Frasca, Gonzalo. 2004. “Videogames of the Oppressed: Critical Thinking, Education, Tolernace, and Other Trivial Issues”. In Harrigan, Pat and Wardrip-Fruin, Noah (Eds.) First person: New media as Story, Performance and Game. Cambridge, The MIT Press.

Gans, C. “Silent Film: Konami’s Silent Hill Fogs Up the Big Screen.” 1-Up, 17 February, 2006, accessed 2 May 2008, from

Gaudiosi, J. “Going Ape.” Wired 13(12), December, 2005, accessed 2 May 2008, from

Goodfellow, S. “King Kong. “Interpreting a Dream Using Active Imagination and a Film.”  

Jackson, P. “Rings Director Eyes King Kong”.

Jackson, P. “King Kong Game Contends for Game of the Year.”

Leyda, J. 1972. Kino: A History of Russian and Soviet Film. London: Allen and Unwin.

Perry, D. “Peter Jackson’s King Kong.”

Perry, G. 1974. “The Historicity of King Kong.Jump Cut, no. 4, 1974, pp. 11-12.

Poix, X. Viewed on 15th June 2007 at 3:37pm.

Radd, D. “Peter Jackson’s King Kong”.

Rosen, D. “King Kong Race, Sex, and Rebellion.”  Jump Cut, no. 6, 1975, pp.7-10.

Stallabrass, Julian. 1993. “Just Gaming: Allegory and Economy in Computer Games”. New Left Review 198, March/April, pp.83-106

Sluganski, R. “King Kong Review.”

Wilson, G. "Off With their HUDs!" Gamasutra.


Alone in the Dark (Uwe Boll, 2005)

L’Arrivée d’un train à La Ciotat (Lumiere Brothers, 1895)

A Shark Tale (Bergeron & Jenson, 2004).

Citizen Kane (Welles, 1941)

Doom (Bartkowiak, 2006)

Elephant (Van Sant, 2003).

Existenz (Cronenberg, 1999)

Fatal Attraction ( Lynn, 1987)

The Godfather (Coppola, 1972)

House of the Dead (Uwe Boll, 2003)

King Kong (Cooper and Schoedshack, 1933)

King Kong (Guillermin, 1976)

King Kong ( Jackson, 2005)

The Lady in the Lake (Montgomery, 1947)

Lovely Bones (Jackson, 2008)

OldBoy (Park Chan-wook, 2004)

Perfect Stranger (Foley, 2007) 

Resident Evil (Anderson, 2005)

Return of the King ( Jackson, 2003)

Silent Hill (Gans, 2006)

Star Wars: The Phantom Menace (Lucas, 1999)

Terminator 2 (Cameron, 1991)


Alone in the Dark.  Infogrammes. (1992)

Beyond Good and Evil. Ubisoft. (2003)

Call of Duty. Activision. (2003)

Doom. Id Software. (1992)

Enter The Matrix. Shiny Entertainment. (2003)

Fantastic Four: The Rise of the Silver Surfer. Take-Two Interactive. (2007)

The Godfather: The Game. Electronic Arts. (2006)

Goldeneye 007. Rareware. (1995)

Halo: Combat Evolved. Bungie Studios. (2001)

Halo 2. Bungie Studios. (2004)

Harry Potter and the Philosopher’s Stone.  Electronic Arts. (2006)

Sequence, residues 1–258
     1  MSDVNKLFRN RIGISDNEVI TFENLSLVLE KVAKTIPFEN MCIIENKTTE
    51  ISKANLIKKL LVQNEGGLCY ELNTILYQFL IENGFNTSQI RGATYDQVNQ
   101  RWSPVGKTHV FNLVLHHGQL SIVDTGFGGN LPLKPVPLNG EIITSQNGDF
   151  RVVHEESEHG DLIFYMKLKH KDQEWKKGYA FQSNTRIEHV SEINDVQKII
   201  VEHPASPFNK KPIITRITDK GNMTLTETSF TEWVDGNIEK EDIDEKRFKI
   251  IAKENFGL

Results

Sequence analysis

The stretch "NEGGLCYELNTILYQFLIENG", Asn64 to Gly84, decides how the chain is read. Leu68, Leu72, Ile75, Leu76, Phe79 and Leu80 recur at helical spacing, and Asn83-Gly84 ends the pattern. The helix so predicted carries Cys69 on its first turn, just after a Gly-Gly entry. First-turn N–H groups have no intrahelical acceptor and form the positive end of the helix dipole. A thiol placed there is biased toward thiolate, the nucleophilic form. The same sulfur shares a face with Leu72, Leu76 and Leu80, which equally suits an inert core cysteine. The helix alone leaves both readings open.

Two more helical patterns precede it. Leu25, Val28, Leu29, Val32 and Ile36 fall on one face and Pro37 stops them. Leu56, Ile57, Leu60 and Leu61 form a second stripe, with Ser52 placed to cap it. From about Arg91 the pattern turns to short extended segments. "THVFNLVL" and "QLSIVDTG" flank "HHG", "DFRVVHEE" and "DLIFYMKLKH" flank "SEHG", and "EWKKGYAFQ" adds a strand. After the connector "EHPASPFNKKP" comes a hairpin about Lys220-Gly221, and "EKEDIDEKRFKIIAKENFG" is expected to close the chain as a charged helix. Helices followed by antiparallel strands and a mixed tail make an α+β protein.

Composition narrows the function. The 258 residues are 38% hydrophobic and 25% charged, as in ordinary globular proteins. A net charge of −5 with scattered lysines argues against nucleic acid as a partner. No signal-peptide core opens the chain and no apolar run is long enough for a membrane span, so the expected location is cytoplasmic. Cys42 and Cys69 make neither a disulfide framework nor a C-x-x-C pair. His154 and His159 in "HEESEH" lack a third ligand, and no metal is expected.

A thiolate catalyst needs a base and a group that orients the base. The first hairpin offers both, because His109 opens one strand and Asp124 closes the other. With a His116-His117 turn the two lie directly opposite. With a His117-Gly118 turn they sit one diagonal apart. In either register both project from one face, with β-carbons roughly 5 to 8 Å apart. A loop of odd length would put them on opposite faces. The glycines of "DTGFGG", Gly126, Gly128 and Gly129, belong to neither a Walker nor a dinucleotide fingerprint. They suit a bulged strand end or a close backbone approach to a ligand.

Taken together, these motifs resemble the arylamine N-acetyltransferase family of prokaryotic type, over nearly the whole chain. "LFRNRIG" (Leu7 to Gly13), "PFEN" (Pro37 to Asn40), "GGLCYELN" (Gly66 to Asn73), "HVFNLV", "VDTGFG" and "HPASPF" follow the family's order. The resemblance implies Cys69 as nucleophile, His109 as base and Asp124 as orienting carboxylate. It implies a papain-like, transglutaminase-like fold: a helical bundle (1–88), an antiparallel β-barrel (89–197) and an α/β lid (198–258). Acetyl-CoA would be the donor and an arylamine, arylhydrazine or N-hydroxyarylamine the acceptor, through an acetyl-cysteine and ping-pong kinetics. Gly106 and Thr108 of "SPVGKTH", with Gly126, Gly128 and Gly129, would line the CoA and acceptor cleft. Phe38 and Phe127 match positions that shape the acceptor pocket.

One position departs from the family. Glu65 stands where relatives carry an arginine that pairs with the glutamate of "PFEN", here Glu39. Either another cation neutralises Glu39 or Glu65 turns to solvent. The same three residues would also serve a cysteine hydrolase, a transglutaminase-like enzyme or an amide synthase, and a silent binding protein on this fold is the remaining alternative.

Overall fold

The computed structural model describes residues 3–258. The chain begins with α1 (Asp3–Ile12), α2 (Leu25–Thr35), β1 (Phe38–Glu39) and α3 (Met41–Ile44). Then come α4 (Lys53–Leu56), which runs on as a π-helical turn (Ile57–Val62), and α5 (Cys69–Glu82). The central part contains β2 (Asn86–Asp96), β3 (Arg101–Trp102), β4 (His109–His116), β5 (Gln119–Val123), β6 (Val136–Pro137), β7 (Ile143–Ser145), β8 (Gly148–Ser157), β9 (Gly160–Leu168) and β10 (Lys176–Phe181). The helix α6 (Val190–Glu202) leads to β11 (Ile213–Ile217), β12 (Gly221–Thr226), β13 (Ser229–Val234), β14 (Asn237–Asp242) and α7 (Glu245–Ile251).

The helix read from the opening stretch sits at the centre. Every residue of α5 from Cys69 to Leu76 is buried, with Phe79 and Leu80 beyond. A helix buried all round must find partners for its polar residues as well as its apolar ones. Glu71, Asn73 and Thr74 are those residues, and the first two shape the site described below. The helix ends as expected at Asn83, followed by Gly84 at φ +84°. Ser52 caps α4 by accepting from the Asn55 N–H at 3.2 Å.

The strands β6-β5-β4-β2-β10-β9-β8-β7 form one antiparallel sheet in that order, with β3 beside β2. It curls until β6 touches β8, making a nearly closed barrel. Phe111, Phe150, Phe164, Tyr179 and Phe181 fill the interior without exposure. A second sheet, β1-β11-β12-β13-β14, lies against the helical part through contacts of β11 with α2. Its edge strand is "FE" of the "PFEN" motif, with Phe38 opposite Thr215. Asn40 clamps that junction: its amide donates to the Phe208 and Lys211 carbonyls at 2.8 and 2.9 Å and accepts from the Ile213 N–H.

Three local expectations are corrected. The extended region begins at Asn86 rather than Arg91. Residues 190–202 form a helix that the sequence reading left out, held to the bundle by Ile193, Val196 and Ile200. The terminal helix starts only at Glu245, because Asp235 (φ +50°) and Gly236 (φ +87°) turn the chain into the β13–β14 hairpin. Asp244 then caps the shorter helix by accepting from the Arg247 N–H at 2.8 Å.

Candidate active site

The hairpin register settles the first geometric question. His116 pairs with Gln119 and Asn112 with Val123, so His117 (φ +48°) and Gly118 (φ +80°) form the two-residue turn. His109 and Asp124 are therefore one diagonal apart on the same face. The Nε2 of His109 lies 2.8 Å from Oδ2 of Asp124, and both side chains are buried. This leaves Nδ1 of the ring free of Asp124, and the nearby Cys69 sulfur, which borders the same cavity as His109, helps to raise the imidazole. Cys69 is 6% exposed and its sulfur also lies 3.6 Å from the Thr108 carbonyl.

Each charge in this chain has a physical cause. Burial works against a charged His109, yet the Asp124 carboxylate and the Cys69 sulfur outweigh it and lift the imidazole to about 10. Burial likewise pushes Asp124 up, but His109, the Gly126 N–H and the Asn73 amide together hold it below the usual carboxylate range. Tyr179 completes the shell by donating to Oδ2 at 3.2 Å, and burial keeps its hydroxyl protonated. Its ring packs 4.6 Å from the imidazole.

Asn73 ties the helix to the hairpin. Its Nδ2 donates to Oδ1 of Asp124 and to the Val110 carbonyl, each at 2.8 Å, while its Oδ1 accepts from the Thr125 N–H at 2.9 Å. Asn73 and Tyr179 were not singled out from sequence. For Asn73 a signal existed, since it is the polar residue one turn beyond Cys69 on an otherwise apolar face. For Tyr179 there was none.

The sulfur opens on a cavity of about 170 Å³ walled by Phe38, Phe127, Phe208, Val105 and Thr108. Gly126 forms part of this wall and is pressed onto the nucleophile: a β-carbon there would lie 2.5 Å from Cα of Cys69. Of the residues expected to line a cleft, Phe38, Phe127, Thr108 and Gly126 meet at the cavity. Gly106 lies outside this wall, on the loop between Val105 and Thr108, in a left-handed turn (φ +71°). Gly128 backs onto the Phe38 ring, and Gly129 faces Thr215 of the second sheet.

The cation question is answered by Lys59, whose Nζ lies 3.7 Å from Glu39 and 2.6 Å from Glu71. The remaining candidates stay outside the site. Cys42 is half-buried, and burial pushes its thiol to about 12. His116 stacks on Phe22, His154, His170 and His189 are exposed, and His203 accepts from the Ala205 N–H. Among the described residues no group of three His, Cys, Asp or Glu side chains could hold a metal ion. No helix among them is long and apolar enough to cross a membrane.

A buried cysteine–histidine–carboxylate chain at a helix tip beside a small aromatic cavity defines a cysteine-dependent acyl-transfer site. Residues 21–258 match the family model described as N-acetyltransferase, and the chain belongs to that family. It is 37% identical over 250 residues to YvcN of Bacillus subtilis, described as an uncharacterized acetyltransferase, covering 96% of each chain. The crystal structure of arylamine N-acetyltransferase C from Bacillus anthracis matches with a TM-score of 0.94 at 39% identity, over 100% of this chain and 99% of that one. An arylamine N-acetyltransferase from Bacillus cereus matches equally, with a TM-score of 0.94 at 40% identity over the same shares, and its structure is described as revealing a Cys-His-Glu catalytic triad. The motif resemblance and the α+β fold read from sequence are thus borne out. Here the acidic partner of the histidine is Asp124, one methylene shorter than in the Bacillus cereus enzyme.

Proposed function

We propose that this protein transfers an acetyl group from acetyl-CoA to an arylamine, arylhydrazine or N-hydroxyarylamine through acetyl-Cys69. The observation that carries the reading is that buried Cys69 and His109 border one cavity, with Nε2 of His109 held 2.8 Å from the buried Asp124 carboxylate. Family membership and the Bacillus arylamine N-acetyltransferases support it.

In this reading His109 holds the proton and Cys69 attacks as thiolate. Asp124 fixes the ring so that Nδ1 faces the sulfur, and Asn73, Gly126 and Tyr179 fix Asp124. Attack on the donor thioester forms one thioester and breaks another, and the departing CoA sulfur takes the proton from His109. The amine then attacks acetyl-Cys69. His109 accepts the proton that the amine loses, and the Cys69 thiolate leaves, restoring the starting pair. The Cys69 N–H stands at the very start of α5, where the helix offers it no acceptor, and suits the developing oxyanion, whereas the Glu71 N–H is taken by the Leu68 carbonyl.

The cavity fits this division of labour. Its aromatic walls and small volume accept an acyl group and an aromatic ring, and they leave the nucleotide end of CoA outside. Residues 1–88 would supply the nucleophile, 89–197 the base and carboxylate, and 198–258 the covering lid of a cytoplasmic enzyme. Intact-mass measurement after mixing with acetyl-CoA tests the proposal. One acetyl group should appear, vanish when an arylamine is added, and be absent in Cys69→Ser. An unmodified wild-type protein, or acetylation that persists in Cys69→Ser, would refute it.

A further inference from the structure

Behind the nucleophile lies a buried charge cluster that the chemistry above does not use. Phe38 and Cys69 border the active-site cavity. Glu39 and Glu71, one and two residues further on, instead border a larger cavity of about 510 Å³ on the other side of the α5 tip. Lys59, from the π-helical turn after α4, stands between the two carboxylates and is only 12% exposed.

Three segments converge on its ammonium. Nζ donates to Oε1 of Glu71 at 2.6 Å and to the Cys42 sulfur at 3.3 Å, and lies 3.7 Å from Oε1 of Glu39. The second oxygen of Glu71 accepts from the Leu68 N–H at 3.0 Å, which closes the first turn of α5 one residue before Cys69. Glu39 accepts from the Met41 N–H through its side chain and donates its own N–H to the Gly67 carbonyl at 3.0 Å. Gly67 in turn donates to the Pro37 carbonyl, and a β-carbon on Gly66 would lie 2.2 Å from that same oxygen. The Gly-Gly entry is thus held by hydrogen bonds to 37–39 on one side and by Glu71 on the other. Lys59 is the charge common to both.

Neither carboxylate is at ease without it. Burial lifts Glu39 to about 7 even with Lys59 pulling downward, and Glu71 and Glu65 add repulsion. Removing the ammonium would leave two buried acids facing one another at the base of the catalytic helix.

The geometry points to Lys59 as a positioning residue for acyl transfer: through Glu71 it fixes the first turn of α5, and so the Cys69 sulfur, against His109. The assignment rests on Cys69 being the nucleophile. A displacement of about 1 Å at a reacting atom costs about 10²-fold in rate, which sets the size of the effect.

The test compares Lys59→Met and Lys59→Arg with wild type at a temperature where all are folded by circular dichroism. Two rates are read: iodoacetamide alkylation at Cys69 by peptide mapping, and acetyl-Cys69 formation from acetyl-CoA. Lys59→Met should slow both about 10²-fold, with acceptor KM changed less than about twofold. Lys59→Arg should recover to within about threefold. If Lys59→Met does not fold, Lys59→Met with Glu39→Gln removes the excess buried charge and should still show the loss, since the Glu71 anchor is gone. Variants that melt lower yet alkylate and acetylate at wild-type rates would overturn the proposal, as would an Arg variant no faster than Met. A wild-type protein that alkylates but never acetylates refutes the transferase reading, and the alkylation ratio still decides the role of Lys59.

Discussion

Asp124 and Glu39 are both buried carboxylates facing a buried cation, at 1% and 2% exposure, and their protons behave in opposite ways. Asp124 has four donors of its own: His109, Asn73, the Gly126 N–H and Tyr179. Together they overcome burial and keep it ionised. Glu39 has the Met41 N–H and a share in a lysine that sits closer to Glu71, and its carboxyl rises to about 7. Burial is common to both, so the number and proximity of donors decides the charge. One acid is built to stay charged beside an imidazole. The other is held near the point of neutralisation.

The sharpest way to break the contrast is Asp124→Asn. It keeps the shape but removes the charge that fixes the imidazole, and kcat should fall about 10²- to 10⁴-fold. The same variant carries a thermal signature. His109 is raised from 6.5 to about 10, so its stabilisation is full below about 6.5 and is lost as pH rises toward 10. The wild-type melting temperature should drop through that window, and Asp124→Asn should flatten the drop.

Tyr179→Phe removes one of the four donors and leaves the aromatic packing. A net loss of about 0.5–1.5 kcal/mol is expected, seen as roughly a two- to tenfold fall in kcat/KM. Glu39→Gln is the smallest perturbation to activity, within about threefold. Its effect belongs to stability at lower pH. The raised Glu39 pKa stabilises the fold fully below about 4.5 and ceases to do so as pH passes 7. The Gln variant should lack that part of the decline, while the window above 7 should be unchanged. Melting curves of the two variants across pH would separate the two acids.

Ico. Sony Computer Entertainment. (2001)

Legend of Zelda: Ocarina of Time. Nintendo. (1998)

The Lion, the Witch and the Wardrobe.Buena Vista Games. (2005)

Little Big Adventure. Adeline Software International. (1994)

Meet the Robinsons. Buena Vista Games. (2007)

Metal Gear Solid. Konami Computer Entertainment Japan. (1998)

Pac-Man. Namco. (1979)

The Path of Neo.Shiny Entertainment. (2005)

Peter Jackson’s King Kong: The Official Game of the Movie. Ubisoft. (2005)

Pirates of the Caribbean: At World’s End. Disney Interactive Studios. (2007)

PONG. Atari Inc. (1972)

Project Gotham Racing 3. Bizarre Creations. (2003)

Rayman. Ubisoft. (1996)

Rayman Raving Rabids. Ubisoft. (2006)

Spiderman 3. Treyarch. (2007)

Teenage Mutant Ninja Turtles. Ubisoft. (2007)

Young Sherlock Holmes (Levinson, 1985)


[1] Ebert, R. Chicago Sun Times Nov 27 2005.

[2] Gorky, M. Quoted in Leyda, J. Kino: A History of Russian and Soviet Film (London: Allen and Unwin, 1972) p.407.

[3] Roger Ebert continues, offering some conciliation, “A video game could also be a serious work of art. It would become so by avoiding most of the things that make it a game, such as scoring, pointing and shooting, winning and losing, shallow characterizations, and action that is valued above motivation and ethical considerations.” However the attributes he connects to video games are of course almost identical to a large portion of many contemporary mainstream films, but one doesn’t consider the cinematic medium less of an art form because most of the films being made aren’t very good, just as one shouldn’t consider games as not an art for the very same reason. Quote from Ebert, R. Ebert, R. Chicago Sun Times Nov 27 2005.

[4] Gans, C. Interviewed by Shane Bettenhausen. Viewed April 27th 5:35pm.

[5] Jackson, P. “Rings Director Eyes King Kong”. Viewed on April 21st 2007 at 10:18pm.

[6] Miyamoto is the creator of Mario, Zelda and Starfox franchises for Nintendo. Raynal is famous for Alone in the Dark (Infogrammes, 1992) and Little Big Adventure (Adeline Software International, 94) franchises.